This couldn’t be a better situation for the Giants, who after they win on Sunday night will get a home game against either Atlanta or Detroit, which should set them up nicely for a Divisional Round sequel to one of the best games of the year against Green Bay. They’ve probably been praying to get the Cowboys under these circumstances for weeks. Eli Manning is 10-5 in his career against the Cowboys (including playoffs) and 6-2 in his last eight meetings with the former “America’s Team.” Given Dallas’s ongoing propensity not to be able to get out of its own way, you can mark it 11-5 and 7-2. Bet on it.
This Week’s Five Best Teams
1. Green Bay: The Packers didn’t really, truly need their Christmas Night win over the Bears, but that didn’t stop Aaron Rodgers from throwing five more TD passes (and zero more INTs) in a 35-21 win. That makes 45 TDs against six picks for a one-loss team. MVP.
2. New Orleans: Drew Brees broke Dan Marino’s 27-year old record for passing yardage in a single season on Monday night in a 45-16 win over Atlanta. He’s pretty good. And while we’re here, the Saints have won seven straight, five by double digits.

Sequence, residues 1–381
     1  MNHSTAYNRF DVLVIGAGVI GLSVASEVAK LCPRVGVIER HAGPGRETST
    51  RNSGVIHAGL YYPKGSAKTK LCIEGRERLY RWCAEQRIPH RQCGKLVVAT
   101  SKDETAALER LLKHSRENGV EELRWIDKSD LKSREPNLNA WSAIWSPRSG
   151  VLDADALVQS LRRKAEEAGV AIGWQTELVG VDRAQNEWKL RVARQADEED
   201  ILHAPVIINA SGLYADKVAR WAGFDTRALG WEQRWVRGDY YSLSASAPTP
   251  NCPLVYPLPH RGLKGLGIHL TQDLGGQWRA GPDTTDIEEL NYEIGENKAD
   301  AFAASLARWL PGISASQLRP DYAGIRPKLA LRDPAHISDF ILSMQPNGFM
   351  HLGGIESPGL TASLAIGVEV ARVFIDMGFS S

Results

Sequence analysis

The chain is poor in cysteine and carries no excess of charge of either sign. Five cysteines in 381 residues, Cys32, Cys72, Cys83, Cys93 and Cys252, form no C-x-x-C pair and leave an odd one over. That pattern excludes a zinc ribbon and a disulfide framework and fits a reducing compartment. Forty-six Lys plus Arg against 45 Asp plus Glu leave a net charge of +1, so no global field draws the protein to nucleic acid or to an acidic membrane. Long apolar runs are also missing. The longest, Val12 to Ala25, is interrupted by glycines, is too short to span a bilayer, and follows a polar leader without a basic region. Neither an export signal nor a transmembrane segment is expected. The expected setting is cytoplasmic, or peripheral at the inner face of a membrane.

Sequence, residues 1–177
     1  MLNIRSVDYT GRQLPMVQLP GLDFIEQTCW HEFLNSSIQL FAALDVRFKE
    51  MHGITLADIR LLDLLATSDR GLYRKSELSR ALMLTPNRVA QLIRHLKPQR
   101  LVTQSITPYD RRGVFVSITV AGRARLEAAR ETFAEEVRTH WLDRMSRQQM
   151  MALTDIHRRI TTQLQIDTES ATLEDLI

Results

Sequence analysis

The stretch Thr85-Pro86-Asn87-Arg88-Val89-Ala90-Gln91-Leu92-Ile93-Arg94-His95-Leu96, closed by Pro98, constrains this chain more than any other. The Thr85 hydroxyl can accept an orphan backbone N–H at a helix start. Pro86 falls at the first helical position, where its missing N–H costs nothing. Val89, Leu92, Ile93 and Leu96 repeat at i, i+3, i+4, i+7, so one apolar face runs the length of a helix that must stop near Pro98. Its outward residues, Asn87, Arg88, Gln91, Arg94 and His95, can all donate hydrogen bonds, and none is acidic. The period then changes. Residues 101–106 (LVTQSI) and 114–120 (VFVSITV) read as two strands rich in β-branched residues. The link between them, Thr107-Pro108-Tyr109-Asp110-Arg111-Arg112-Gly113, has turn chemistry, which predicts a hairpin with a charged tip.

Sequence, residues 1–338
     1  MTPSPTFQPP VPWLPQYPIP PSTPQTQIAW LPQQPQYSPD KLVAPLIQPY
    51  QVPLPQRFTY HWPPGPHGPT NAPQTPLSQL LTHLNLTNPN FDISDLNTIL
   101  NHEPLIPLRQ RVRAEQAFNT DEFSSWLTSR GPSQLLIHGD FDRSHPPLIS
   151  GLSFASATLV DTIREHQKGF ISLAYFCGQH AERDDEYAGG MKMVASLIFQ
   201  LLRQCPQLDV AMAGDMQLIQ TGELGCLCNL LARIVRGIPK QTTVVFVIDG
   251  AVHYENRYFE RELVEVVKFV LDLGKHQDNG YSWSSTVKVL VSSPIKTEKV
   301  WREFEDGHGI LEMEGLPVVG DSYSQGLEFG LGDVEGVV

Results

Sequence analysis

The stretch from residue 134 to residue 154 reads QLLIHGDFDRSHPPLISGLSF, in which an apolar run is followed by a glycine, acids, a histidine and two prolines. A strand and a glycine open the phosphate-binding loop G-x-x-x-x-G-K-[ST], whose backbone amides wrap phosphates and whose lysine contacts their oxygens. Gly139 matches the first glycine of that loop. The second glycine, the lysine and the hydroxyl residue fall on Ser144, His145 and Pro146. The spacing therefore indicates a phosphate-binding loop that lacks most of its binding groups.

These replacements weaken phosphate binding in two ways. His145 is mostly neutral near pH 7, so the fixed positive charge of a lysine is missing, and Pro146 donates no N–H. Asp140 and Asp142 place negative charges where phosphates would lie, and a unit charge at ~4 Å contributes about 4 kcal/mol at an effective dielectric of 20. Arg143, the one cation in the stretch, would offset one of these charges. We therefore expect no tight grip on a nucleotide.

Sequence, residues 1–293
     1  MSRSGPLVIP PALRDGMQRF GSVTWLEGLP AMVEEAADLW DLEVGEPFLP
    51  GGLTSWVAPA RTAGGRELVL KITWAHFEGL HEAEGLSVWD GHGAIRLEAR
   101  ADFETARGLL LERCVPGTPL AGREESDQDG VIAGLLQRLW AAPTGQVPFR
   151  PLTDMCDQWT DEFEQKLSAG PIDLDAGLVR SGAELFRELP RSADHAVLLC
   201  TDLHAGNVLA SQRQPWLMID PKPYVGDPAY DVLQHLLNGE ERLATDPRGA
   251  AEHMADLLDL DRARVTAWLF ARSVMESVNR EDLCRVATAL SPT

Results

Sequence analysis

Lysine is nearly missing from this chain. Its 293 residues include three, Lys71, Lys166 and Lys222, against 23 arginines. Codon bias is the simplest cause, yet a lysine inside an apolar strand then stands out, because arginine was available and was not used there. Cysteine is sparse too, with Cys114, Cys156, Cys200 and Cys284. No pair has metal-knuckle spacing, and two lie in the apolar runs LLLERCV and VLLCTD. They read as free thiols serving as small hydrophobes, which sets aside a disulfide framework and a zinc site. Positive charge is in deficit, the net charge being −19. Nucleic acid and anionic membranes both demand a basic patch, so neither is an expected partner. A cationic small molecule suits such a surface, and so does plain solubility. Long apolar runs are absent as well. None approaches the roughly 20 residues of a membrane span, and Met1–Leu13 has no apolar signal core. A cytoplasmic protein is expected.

3. San Francisco: No letdown for the Niners on a short week in Seattle even though their ferocious defense allowed a rushing TD for the first time all year. All that stands between this team and a first-round bye is the St. Louis Rams. Make your tee times for next week now, fellas.
4. New England: Despite their flaws, the Pats just keep on winning and they can improbably clinch homefield throughout the AFC playoffs with a win over Buffalo on Sunday. The question is, can they do that without three-fifths of their offensive line and potentially (gulp) Tom Brady?